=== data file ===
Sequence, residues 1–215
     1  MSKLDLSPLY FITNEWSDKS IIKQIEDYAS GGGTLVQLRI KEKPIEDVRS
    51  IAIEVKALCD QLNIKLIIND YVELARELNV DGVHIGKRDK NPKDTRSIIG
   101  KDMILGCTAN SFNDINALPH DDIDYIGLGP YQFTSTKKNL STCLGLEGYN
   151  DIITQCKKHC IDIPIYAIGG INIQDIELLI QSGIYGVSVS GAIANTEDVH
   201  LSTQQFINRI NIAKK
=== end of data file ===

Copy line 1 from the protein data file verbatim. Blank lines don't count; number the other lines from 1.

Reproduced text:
Sequence, residues 1–215